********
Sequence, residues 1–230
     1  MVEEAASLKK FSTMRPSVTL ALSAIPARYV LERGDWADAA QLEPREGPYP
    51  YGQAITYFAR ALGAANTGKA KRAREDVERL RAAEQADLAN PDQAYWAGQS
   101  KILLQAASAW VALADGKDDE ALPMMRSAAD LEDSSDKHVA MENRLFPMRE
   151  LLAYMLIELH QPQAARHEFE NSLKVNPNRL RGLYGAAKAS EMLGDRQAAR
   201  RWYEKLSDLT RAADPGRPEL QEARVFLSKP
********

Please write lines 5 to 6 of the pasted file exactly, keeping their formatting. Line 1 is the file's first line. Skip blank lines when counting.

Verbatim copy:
   151  LLAYMLIELH QPQAARHEFE NSLKVNPNRL RGLYGAAKAS EMLGDRQAAR
   201  RWYEKLSDLT RAADPGRPEL QEARVFLSKP